|Publication number||US6085289 A|
|Application number||US 08/896,475|
|Publication date||Jul 4, 2000|
|Filing date||Jul 18, 1997|
|Priority date||Jul 18, 1997|
|Publication number||08896475, 896475, US 6085289 A, US 6085289A, US-A-6085289, US6085289 A, US6085289A|
|Inventors||Larry Edward Thatcher, John Beck, Michael Kevin Ciraula|
|Original Assignee||International Business Machines Corporation|
|Export Citation||BiBTeX, EndNote, RefMan|
|Patent Citations (10), Referenced by (23), Classifications (14), Legal Events (5)|
|External Links: USPTO, USPTO Assignment, Espacenet|
The present invention relates generally to load data formatting, and more particularly to load data formatting for unaligned and aligned data accesses.
Advances in computer system performance depend on many factors. Further, today's microprocessors are targeted for many different operating environments. An important area for improving system operation in various environments is the improvement of memory data processing. More particularly, operations associated with a load/store engine of a microprocessor are influential in maintaining optimal data processing.
Typically, load instructions performed by a load/store engine of a microprocessor require formatting of the data to be loaded. A load formatter is therefore usually provided at the output of the data cache to perform the data formatting. Improvements in the formatting of load data remain a vital aspect of improving data processing and overall system performance.
In the area of load data formatting, a needed improvement is support for aligned and unaligned data accesses. Further, providing support for Big Endian and Little Endian addressing modes is preferable, as well as providing support for fixed point functions that load words, halfwords, bytes, byte reverses, and sign extends. Similarly, supporting floating point functions including those that load words and doublewords is desirable. Another sought feature is providing load formatting support for input/output (I/O) data formatting. While it is key that the load data formatting in the microprocessor be able to support these features to achieve better system performance, preferably, such improvement occurs with no added performance penalty.
Accordingly, what is needed is a load formatter that provides these preferred functionalities in an efficient manner.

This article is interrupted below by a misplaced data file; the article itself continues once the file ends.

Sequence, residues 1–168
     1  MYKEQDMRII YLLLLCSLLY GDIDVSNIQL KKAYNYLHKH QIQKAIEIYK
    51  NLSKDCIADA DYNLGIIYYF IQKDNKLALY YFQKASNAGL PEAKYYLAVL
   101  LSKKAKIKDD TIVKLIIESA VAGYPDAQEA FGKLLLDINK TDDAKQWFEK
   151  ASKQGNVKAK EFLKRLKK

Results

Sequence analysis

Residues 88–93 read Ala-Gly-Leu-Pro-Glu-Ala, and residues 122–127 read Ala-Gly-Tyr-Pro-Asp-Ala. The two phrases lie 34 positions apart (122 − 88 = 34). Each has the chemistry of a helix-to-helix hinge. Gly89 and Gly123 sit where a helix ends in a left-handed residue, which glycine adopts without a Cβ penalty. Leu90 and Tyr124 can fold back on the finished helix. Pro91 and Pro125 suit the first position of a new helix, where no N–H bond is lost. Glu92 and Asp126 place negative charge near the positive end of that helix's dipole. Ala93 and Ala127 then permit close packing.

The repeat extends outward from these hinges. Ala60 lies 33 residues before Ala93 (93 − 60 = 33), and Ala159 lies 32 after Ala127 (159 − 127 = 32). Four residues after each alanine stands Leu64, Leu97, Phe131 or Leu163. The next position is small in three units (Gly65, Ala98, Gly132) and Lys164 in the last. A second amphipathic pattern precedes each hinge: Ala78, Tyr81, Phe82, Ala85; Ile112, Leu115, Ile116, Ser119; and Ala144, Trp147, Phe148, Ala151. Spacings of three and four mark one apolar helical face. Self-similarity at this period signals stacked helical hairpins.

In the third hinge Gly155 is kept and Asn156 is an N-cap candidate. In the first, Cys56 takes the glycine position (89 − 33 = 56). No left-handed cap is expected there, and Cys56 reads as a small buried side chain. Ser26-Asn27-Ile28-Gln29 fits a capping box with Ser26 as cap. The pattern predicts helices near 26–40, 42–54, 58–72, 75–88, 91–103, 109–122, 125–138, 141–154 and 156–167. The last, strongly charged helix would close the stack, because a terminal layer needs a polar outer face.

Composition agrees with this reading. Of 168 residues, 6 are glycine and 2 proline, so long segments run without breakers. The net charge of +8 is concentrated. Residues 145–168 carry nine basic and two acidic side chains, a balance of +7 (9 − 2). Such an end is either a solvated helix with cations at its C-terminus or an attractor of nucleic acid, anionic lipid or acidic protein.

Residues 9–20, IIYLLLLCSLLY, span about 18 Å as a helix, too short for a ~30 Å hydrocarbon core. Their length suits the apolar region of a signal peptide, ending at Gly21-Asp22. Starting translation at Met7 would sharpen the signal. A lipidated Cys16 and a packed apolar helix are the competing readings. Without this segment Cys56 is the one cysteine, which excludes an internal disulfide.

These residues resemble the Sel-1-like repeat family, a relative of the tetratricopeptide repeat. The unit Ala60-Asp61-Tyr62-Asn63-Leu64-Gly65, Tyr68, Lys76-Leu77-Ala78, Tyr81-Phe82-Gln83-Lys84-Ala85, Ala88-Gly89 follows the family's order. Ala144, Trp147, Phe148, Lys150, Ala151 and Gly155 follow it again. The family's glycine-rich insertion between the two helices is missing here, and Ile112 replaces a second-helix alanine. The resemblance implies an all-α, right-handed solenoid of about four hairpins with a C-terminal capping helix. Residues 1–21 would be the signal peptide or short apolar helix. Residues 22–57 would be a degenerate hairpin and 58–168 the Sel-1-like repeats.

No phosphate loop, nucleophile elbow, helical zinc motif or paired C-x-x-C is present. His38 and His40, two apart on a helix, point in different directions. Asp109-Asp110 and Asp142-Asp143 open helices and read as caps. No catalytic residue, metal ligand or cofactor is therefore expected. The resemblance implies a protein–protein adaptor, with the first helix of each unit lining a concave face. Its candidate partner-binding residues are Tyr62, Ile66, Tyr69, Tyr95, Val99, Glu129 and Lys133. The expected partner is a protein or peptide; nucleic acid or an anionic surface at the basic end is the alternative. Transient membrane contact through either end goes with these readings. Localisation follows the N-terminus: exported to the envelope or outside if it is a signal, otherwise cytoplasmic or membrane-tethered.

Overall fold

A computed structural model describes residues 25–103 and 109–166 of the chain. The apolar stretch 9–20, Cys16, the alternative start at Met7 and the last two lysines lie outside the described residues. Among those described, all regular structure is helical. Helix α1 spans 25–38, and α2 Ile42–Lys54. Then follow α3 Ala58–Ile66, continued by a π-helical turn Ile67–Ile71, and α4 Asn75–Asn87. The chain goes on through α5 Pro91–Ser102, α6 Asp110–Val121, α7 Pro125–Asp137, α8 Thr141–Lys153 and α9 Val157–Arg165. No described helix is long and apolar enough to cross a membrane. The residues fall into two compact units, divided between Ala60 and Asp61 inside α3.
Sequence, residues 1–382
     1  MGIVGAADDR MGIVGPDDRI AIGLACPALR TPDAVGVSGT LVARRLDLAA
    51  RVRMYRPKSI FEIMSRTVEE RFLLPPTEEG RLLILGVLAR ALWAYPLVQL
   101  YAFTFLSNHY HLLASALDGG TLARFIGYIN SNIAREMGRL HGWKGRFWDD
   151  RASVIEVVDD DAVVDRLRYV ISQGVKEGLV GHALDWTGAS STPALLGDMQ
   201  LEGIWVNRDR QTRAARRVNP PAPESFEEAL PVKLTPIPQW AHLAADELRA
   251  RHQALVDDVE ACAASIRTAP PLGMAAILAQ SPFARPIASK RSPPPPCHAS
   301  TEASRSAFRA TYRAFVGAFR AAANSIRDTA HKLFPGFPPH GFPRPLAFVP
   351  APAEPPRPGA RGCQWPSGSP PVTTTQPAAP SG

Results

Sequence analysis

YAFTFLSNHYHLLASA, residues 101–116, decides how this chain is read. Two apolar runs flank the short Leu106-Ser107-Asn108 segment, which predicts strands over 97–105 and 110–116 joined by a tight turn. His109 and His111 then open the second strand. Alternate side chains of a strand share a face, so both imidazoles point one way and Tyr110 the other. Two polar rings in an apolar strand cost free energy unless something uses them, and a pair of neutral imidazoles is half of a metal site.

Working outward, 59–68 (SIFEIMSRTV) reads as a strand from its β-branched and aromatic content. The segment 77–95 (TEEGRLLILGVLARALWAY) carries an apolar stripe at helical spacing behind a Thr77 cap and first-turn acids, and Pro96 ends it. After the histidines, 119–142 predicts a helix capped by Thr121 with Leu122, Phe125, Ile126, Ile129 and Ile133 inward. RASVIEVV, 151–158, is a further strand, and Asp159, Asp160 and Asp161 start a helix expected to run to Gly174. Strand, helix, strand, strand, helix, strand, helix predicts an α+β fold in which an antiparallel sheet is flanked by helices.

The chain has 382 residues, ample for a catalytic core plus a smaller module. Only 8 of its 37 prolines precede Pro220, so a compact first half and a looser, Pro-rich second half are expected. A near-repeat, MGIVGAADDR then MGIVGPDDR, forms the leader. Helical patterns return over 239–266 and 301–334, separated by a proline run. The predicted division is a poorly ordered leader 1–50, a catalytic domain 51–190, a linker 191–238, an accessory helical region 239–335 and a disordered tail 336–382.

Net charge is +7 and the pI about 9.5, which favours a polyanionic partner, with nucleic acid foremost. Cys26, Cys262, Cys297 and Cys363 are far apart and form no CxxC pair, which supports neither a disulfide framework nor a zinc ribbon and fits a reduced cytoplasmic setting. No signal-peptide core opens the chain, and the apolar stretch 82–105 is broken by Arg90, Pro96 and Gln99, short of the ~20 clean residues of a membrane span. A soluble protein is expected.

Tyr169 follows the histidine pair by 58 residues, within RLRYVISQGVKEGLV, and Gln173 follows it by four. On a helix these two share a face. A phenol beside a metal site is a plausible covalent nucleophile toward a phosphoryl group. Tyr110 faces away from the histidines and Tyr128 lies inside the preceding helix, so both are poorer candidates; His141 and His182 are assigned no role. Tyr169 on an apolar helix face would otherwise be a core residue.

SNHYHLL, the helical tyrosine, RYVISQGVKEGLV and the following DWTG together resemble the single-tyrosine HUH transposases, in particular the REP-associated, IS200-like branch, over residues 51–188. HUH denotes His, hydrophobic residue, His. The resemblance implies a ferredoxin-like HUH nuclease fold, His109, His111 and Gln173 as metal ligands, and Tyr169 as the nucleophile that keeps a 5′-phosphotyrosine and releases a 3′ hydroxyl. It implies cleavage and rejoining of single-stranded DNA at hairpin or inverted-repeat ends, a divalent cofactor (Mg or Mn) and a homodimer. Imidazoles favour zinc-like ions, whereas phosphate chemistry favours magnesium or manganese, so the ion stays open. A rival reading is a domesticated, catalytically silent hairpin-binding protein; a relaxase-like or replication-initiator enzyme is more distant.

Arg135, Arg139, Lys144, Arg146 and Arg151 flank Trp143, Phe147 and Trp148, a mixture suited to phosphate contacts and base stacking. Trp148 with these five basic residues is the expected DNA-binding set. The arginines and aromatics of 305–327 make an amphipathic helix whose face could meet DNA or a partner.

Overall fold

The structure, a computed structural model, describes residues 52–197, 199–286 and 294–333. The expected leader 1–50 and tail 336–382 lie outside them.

The present invention provides an improved load data formatter and method for providing same. A load data formatter includes a data selection mechanism, the data selection mechanism receiving a data cache line of a predetermined organization, and the data selection mechanism further supporting adjacent word swapping in the cache line. The load data formatter further includes at least two word selectors coupled to an output of the data selection mechanism, the at least two word selectors forming a doubleword on a chosen word boundary of the cache line. In a further aspect, the predetermined organization of the cache line is provided by grouping each corresponding bit of each byte in a cache line of data together, and expanding the grouping with an organization formed by one bit from a same byte within each word.
With the present invention, improved load data formatting occurs efficiently with reduced wiring and wire delays. Further, adjacent word swapping provides efficient accesses on any word boundary within the selected cache line. In addition, the load formatter supports a wide range of fixed load and floating point load instructions, single cycle access in a cache line boundary for Big and Little Endian addressing modes, as well as formatting of unaligned load accessing across a cache line boundary in two cycles. An advantageous cache line organization facilitates the operations of the load formatter. These and other advantages of the aspects of the present invention will be more fully understood in conjunction with the following detailed description and accompanying drawings.
FIG. 1 illustrates a block diagram of a load data path in accordance with the present invention.
FIG. 2 illustrates the load formatter of FIG. 1 in greater detail.
FIG. 3 illustrates a representation of a preferred cache organization in accordance with the present invention.
FIGS. 4a and 4b illustrate outputs of even and odd selectors of the load formatter of FIG. 2 in a Big Endian addressing mode.
FIGS. 5a and 5b illustrate outputs of even and odd selectors of the load formatter of FIG. 2 in a Little Endian addressing mode.
FIG. 6 illustrates inputs for byte selection devices for aligned and unaligned doublewords on a load word function.
The present invention relates to load data formatting. The following description is presented to enable one of ordinary skill in the art to make and use the invention and is provided in the context of a patent application and its requirements. Various modifications to the preferred embodiment will be readily apparent to those skilled in the art and the generic principles herein may be applied to other embodiments. Thus, the present invention is not intended to be limited to the embodiment shown but is to be accorded the widest scope consistent with the principles and features described herein.
FIG. 1 illustrates a load data path in a microprocessor, such as a PowerPC™ processor available from International Business Machines (IBM) Corporation, Inc. A discussion of the aspects of a PowerPC™ microprocessor may be found in U.S. Pat. No. 5,691,920 entitled "Method and System for Performance Monitoring of Dispatch Unit Efficiency in Processing System," and assigned to the assignee of the present invention. The load data path, as shown in FIG. 1, suitably includes an address generator 10, a data input mechanism 12, and a data formatter 14. The data input mechanism 12 suitably includes a cache reload buffer (CRB) 16 and a data cache (DC) 18. The data formatter 14 preferably includes a control mechanism 20 and a load formatter 22. Load formatter 22 is further detailed hereinbelow with reference to FIG. 2.